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Is Chef Ready for the Enterprise?

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During last month’s first Chef conference in San Francisco, Chris Brown, Opscode CTO, presented the “state of the union” regarding the future of Chef, claiming that the known infrastructure management tool is now ready to use in complex enterprise environments running on heterogeneous platforms.

User management integration with Windows Active Directory, native installation packages for non-Linux platforms (multiple AIX and Solaris versions) and MySQL/PostgreSQL as datastore are some of the new features announced by Opscode to promote Private Chef as an enterprise-ready tool for managing complex infrastructures.

The move from CouchDB to MySQL and PostgreSQL was justified by performance issues due to high frequency of read/write operations on the DB. But the lack of familiarity with NoSQL in many enterprise ops teams also contributed to the migration.

Native package installers will deploy an “embedded” environment in the Chef installation which isolates Chef’s software dependencies from the remaining system dependencies, thus solving typical problems such as requiring a specific Ruby to run Chef and also making life easier for Opscode support team (Chef will run with same environment either in private infrastructure or on the cloud).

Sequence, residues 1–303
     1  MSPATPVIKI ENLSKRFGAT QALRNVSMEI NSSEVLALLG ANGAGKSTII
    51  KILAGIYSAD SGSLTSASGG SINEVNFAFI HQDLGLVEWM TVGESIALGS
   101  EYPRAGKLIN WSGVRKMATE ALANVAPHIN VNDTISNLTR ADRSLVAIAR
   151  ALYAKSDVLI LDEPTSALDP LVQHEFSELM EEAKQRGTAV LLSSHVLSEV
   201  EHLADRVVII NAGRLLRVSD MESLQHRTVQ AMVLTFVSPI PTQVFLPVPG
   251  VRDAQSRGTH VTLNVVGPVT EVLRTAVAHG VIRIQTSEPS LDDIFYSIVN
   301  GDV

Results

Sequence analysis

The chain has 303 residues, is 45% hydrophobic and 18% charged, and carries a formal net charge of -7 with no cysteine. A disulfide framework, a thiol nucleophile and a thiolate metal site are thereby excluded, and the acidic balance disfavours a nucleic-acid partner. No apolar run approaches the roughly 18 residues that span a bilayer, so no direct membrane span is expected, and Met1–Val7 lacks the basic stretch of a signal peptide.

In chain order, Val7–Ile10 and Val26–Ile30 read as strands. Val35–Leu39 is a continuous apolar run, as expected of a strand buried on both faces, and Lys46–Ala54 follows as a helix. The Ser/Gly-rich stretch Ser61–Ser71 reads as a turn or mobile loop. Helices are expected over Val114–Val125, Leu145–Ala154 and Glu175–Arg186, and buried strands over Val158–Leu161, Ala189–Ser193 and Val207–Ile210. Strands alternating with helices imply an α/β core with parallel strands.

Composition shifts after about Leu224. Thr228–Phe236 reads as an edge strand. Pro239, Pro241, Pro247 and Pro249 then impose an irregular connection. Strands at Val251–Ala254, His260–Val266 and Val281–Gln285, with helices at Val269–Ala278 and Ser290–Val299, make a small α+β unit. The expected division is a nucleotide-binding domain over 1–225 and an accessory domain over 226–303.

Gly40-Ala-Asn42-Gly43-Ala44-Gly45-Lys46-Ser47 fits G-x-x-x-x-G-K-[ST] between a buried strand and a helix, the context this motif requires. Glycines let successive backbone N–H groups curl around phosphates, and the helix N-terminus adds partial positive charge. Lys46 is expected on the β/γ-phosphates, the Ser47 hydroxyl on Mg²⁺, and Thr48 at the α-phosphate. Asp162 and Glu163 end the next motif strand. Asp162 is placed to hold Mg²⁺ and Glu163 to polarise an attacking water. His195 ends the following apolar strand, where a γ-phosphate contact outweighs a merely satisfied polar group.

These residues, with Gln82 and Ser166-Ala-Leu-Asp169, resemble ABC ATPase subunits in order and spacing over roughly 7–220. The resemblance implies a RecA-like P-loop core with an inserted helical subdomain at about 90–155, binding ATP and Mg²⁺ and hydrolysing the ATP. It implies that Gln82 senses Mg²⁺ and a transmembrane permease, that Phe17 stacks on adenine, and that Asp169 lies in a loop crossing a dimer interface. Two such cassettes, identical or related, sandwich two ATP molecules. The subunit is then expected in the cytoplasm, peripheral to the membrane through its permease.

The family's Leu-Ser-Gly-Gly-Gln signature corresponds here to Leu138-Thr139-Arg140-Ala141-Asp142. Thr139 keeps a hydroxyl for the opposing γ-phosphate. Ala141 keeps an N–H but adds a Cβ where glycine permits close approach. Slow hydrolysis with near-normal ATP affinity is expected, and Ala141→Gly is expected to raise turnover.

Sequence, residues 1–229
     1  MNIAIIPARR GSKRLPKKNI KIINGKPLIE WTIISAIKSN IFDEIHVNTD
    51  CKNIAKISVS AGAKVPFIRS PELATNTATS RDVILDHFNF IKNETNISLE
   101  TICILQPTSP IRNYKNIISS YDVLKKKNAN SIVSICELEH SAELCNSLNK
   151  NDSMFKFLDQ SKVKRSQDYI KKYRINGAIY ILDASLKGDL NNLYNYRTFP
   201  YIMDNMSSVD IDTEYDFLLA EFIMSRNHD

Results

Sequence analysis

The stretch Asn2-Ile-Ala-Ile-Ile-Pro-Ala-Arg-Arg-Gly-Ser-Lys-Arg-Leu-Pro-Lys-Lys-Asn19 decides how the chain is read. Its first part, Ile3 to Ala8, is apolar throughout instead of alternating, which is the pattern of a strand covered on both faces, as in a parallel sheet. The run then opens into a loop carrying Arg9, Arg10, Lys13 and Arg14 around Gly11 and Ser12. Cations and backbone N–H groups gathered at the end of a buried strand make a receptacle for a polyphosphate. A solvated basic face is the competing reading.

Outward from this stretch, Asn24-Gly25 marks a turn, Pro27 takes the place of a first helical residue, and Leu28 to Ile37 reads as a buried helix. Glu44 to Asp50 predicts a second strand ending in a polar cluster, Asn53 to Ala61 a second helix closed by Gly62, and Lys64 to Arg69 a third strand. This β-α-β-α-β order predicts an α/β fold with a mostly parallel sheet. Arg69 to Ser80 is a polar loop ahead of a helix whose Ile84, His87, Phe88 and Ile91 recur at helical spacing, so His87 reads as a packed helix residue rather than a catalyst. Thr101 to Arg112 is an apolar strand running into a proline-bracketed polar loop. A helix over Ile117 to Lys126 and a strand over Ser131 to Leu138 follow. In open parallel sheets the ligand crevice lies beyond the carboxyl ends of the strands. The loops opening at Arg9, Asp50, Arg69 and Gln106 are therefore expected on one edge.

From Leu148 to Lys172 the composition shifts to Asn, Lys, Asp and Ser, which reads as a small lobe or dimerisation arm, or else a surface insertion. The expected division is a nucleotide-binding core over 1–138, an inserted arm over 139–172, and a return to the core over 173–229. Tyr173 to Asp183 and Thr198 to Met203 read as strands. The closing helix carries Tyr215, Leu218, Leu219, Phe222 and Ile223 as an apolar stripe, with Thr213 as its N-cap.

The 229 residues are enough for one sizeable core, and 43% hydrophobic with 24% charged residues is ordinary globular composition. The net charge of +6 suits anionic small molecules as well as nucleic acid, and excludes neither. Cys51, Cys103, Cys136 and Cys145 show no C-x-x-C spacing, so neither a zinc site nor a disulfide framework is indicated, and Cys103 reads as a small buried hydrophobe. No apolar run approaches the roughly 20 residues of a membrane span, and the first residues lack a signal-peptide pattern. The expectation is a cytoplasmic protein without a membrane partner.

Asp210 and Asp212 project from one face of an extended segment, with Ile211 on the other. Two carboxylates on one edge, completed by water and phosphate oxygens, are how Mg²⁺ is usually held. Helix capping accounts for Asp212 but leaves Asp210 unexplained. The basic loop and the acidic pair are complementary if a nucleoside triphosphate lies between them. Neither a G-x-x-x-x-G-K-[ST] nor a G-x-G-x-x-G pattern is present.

Other features announced during the talk refer to reporting and use of (non-Ruby) scripts:

·         “why-runs” (a dry-run reporting desired vs. current state of the infrastructure and actions required to merge the gap between them)

·         simplified output (actions taken and updates to the system, fatal error and minimal reporting)

·         legacy scripts can be included in cookbooks and versioned as resources

·         partial searches for nodes in the infrastructure (by single-attribute values)

At InfoQ we are interested to know what other enterprise issues you think are blocking adoption of DevOps at technical level?

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